If you don't, you are in danger of missing... significant opportunities...

Update, one week later: It turned out that my GT240 is so ...fresh, that the Linux drivers aren't yet up to speed - they are driving my card at Performance Level 1 instead of 2 (i.e. at 324MHz memory clock instead of 1700MHz!). Under Windows, the code runs at an astonishing 420 frames per second, so the speedup is not 15x, it is in fact more like 30x...

Update, March 2010: The newest NVIDIA drivers (195.36.15) have corrected the bug - the Linux and Windows versions now run at identical speeds: Blazing ones :‑)

Downloads

SSE version

The portable GPL source code for the SSE version is here.

Compile and run with...

./configure && make && ./src/mandelSSE

You can zoom-in/zoom-out with the left and right mouse buttons. Hit ESC and it will report the frames per second achieved.

If you are a Windows user, here is a Win32 binary (compiled via TDM/MinGW, and compressed with 7-zip). To use it, simply unzip the package and run mandelSSE.exe.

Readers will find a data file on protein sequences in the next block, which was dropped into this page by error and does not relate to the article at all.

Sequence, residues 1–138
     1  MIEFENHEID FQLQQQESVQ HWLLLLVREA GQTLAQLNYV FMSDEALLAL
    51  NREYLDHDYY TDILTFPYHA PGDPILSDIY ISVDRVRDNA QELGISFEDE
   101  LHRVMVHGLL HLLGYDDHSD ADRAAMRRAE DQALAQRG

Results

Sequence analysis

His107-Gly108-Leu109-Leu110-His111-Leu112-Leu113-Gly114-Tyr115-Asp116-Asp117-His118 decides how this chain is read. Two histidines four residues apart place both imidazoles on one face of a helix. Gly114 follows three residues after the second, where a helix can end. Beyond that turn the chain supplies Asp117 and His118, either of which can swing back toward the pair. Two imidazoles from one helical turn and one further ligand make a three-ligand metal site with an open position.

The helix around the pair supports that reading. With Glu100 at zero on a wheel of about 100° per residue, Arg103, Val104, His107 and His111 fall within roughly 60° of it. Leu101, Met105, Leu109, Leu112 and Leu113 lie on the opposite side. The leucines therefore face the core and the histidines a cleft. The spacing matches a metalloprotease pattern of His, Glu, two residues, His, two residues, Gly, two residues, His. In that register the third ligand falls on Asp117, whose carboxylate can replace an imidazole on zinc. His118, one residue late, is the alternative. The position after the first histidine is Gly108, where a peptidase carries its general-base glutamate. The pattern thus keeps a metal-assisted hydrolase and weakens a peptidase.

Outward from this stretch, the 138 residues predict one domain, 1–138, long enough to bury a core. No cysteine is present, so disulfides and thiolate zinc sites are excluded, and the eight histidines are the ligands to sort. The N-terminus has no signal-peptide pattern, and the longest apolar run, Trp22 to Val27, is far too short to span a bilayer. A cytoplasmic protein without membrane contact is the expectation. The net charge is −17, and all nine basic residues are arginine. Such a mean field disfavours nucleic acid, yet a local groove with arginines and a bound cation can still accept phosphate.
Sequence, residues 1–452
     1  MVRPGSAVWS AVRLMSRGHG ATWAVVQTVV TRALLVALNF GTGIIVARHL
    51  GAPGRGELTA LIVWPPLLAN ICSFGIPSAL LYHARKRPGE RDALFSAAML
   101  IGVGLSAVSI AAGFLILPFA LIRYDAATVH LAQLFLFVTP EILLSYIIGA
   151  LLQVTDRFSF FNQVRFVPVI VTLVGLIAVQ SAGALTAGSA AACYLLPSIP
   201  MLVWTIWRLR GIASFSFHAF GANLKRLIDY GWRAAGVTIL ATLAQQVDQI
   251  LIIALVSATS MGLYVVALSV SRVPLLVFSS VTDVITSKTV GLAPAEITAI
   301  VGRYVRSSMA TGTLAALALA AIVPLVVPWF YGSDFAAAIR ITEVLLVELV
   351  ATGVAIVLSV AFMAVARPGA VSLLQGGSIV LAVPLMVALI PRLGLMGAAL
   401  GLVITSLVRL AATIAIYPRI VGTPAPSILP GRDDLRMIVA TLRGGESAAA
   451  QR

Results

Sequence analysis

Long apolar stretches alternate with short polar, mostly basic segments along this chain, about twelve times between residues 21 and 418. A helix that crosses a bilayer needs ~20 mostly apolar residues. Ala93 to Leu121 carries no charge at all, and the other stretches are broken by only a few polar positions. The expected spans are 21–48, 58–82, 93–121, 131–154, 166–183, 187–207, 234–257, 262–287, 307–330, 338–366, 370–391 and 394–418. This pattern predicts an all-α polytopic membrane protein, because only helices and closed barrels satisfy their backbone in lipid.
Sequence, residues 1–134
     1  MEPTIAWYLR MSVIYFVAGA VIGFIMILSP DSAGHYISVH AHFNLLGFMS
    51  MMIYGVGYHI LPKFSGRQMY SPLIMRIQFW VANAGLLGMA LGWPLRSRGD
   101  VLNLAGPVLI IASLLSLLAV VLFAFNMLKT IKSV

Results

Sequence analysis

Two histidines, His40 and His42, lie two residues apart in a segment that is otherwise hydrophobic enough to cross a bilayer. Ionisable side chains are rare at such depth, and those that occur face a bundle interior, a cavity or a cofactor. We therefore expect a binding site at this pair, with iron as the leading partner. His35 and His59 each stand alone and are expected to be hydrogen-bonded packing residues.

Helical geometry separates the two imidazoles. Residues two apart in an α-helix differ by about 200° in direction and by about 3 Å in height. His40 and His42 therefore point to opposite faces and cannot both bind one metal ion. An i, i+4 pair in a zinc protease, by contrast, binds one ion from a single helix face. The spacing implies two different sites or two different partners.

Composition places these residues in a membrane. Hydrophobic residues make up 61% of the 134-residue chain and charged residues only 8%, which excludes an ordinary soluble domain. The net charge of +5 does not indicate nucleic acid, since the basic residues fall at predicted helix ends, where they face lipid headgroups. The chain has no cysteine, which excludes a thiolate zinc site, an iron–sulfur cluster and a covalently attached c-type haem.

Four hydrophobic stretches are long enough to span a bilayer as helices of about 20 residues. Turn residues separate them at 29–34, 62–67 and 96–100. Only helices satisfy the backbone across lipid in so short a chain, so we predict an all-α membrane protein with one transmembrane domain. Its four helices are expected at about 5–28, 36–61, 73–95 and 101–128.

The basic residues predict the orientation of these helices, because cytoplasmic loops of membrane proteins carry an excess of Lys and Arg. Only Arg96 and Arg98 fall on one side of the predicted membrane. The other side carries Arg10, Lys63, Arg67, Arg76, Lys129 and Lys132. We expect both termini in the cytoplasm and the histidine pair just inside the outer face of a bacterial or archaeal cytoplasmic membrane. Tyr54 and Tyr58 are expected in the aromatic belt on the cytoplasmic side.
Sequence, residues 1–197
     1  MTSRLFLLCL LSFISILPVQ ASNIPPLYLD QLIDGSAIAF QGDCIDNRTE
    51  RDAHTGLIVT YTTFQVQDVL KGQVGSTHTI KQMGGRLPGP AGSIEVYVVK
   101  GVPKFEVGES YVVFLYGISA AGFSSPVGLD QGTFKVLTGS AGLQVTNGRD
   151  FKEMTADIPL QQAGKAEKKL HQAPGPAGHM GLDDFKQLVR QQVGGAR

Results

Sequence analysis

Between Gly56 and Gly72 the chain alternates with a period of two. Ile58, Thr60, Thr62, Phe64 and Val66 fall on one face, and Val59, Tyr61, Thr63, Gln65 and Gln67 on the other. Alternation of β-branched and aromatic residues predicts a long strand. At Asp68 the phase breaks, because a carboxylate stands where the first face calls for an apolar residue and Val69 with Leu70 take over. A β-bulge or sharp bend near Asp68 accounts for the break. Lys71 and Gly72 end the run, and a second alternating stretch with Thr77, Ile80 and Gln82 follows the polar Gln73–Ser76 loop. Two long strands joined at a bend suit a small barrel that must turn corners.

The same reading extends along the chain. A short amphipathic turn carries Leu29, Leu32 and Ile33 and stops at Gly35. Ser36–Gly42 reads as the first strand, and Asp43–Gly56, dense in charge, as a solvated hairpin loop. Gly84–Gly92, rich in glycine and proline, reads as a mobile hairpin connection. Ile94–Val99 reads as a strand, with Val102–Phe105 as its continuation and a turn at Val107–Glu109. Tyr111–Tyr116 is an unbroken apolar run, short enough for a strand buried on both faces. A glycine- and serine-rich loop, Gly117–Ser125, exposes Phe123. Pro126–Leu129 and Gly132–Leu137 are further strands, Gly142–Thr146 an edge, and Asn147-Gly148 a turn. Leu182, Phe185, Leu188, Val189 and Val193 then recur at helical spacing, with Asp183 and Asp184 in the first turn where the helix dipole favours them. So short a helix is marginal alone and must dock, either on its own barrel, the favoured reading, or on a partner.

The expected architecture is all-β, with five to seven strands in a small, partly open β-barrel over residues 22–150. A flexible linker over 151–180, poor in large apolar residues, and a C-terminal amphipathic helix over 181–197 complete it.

CUDA version

The CUDA package (portable GPL source code), is also available. The program also uses OpenGL to blit the CUDA-generated data on the screen - this way there's no moving of pixel data back-and-forth between the CPU and the GPU: they are calculated on the GPU global memory, and they are drawn from that (via a texture).

If you are working under Windows, a precompiled Windows binary is here (compressed with 7-zip). Make sure you disable Vertical Sync in order to get the maximum frame rate.

Code comparison

Just so you understand what I meant by "getting a speedup with clearer and simpler code", this is the CUDA CoreLoop, from inside src/mandel.cu: if you have ever coded a Mandelbrot zoomer, you'll probably agree that this is one of the simplest ways to implement it:
__global__ 
void CoreLoop(
    int *p, 
    float xld, float yld, /* Left-Down coordinates */
    float xru, float yru, /* Right-Up coordinates */
    int MAXX, int MAXY)   /* Window size */
{
    float re,im,rez,imz;
    float t1, t2, o1, o2;
    int k;
    unsigned result = 0;
    unsigned idx = blockIdx.x*blockDim.x + threadIdx.x;
    int y = idx / MAXX;
    int x = idx % MAXX;
    
    re = (float) xld + (xru-xld)*x/MAXX;
    im = (float) yld + (yru-yld)*y/MAXY;

    rez = 0.0f;
    imz = 0.0f;

    k = 0;
    while (k < ITERA) {